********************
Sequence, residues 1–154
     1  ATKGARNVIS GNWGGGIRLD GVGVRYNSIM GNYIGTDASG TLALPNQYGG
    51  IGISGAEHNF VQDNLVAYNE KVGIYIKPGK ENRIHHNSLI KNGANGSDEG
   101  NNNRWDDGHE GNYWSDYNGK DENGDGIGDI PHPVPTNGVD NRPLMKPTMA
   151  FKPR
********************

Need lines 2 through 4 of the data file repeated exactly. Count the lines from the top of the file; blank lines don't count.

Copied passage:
     1  ATKGARNVIS GNWGGGIRLD GVGVRYNSIM GNYIGTDASG TLALPNQYGG
    51  IGISGAEHNF VQDNLVAYNE KVGIYIKPGK ENRIHHNSLI KNGANGSDEG
   101  NNNRWDDGHE GNYWSDYNGK DENGDGIGDI PHPVPTNGVD NRPLMKPTMA